Sacred Music, the Seven Castles of the Soul, and Jewish-Muslim Encounters

Welcome to our July newsletter.

We begin our monthly selection with an article on “Sacred Music and Hindu Religious Experience: From Ancient Roots to the Modern Classical Tradition.” It gives us a summary of the cosmological and spiritual import of traditional Hindu music, with links to listen to various pieces of the Khayal genre, shared by Muslim and Hindu artists alike. Read and listen!

Music is directly connected to the notion of Nada-Brahman or sacred sound. The lyrics contain the reference to Nada as divided into Anahata (unstruck sound) and Ahata (struck sound) and as being the source or fountainhead of the Svaras or musical notes, which are sung with reference to parts of the body and the twenty-two microtones.

• A contribution by Luce López-Baralt, “Teresa of Jesus and Islam: The Simile of the Seven Concentric Castles of the Soul”, explores medieval silent dialogues between Christians and Muslims, and how the cultural context in which a mystic lives may colour and help to give symbolic form to the experiences which are by nature beyond language.

You do not have to understand these dwellings one behind another like something in a thread; but instead, place your eyes on the center, which is the piece or palace where the king is, and consider it like a palmetto, which to arrive at the edible part has many coverings.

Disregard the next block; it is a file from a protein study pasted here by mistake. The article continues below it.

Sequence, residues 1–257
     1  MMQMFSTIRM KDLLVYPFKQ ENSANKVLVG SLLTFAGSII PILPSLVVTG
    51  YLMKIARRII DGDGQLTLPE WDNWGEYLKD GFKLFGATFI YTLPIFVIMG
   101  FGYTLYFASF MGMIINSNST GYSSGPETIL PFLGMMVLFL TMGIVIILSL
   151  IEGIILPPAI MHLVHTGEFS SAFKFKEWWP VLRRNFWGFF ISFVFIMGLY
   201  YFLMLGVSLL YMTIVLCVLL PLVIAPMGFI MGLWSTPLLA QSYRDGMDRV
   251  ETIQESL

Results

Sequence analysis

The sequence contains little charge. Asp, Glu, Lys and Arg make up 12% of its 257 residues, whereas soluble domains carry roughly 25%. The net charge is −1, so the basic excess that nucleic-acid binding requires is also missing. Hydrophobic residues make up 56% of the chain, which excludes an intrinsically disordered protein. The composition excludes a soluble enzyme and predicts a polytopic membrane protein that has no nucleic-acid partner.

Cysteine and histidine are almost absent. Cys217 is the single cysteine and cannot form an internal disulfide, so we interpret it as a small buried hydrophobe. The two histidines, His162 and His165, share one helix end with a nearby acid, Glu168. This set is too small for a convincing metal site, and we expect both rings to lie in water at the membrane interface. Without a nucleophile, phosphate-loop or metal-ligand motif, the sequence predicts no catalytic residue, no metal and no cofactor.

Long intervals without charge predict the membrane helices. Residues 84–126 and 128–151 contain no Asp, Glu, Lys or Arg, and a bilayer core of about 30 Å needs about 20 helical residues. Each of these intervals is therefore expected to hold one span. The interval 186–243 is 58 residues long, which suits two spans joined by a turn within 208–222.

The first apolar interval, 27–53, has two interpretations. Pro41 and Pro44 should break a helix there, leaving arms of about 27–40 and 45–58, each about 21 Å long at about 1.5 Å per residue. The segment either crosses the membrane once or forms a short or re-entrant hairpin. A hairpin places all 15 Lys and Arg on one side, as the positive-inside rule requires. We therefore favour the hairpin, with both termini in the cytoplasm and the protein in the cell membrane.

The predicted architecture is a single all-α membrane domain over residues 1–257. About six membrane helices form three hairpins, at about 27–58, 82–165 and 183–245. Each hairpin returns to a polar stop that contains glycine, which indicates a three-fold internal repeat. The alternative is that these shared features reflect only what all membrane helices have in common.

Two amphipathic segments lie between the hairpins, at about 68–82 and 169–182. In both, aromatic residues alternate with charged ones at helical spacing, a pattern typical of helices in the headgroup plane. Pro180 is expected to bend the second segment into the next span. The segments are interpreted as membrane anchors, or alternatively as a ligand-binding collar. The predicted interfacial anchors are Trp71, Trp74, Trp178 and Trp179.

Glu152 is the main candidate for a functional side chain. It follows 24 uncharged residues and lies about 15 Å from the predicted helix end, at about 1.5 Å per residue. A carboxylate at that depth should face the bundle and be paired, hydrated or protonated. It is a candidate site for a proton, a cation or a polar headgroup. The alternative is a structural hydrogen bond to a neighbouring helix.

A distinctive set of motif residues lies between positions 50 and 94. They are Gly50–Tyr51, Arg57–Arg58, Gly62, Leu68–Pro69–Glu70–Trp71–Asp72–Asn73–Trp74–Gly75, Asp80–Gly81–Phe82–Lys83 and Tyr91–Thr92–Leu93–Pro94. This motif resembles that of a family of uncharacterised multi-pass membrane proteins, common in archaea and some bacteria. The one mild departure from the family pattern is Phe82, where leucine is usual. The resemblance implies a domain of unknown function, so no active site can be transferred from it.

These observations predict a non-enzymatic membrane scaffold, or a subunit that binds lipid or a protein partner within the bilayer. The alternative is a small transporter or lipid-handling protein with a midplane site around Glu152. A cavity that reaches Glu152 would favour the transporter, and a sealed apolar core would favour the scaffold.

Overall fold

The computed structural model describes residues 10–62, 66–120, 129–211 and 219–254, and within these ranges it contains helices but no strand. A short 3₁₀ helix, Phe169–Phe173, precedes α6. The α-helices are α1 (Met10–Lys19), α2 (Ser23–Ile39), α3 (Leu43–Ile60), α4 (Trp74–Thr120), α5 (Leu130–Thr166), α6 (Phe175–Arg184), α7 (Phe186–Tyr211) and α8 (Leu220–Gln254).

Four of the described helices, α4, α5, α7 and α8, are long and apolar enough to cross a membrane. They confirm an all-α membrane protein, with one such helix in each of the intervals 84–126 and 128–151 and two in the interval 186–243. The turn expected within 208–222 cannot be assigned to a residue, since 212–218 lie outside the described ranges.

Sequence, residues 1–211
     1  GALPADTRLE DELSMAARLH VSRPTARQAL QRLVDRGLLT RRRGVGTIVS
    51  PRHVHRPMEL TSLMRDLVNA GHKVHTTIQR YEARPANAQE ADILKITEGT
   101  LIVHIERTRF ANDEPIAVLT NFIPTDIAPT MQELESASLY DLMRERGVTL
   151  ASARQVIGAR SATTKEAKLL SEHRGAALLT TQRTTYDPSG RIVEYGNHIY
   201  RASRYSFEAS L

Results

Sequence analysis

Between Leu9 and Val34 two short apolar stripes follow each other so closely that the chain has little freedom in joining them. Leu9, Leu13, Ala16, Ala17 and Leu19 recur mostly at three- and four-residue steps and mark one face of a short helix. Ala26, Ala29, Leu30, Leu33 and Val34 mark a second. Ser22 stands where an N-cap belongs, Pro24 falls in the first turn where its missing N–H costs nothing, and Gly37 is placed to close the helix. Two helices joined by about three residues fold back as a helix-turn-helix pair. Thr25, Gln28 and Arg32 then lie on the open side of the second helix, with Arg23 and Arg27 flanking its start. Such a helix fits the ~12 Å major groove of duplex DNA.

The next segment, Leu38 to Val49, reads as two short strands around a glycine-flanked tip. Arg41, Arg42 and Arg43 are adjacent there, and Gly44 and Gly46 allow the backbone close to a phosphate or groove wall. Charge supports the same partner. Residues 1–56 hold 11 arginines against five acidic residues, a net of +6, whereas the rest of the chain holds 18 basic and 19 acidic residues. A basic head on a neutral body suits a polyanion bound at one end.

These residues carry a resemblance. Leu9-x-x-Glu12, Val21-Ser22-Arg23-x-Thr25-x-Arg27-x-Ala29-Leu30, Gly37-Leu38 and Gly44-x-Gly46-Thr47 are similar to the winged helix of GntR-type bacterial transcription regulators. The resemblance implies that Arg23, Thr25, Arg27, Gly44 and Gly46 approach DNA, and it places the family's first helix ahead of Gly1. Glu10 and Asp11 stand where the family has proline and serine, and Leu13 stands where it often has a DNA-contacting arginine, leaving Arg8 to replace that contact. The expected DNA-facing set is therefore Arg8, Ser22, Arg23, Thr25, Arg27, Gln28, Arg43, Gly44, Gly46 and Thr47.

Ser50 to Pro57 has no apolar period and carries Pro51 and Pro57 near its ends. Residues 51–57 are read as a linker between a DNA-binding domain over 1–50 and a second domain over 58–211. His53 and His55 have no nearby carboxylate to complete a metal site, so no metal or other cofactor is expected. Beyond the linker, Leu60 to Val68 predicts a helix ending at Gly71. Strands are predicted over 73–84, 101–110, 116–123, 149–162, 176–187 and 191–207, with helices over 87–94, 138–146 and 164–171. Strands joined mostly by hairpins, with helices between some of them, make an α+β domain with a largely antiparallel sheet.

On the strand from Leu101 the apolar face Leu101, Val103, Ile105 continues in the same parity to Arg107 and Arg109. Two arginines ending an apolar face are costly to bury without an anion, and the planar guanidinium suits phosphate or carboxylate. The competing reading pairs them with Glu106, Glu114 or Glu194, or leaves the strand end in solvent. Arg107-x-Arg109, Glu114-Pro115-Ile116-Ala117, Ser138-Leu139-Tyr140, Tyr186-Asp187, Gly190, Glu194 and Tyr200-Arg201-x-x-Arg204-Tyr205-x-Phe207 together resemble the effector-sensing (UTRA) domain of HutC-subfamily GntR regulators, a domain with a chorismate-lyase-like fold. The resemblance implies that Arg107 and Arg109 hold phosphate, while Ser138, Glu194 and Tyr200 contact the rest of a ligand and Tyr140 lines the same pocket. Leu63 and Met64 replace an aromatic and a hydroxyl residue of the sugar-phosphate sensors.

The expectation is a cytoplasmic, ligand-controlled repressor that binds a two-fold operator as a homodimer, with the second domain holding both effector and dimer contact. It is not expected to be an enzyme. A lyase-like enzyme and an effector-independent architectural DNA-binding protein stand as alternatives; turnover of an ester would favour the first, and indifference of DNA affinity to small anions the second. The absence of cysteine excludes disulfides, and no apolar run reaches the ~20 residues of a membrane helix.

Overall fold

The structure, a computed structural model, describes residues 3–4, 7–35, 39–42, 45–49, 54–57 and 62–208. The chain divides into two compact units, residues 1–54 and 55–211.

• We conclude with an historical article by Sara Sviri, “Jewish–Muslim Mystical Encounters in the Middle Ages,” carefully delineating the flow and exchange of metaphysical and mystical doctrines between East and West and between Jewish and Muslim communities in Al-Andalus. A number of fine points of comparative studies among the mightiest Kabbalistic and Sufi masters are discussed, including the various types and trends of Judaeo-Arabic spirituality within the major trends in Jewish mysticism.

It is the religious act in itself, in its concrete actuality and physicality, which reflects and embodies God’s creative powers. By carefully performing the commandments, the worshipper, in a mysterious way, participates in God’s work and its influence in the cosmos.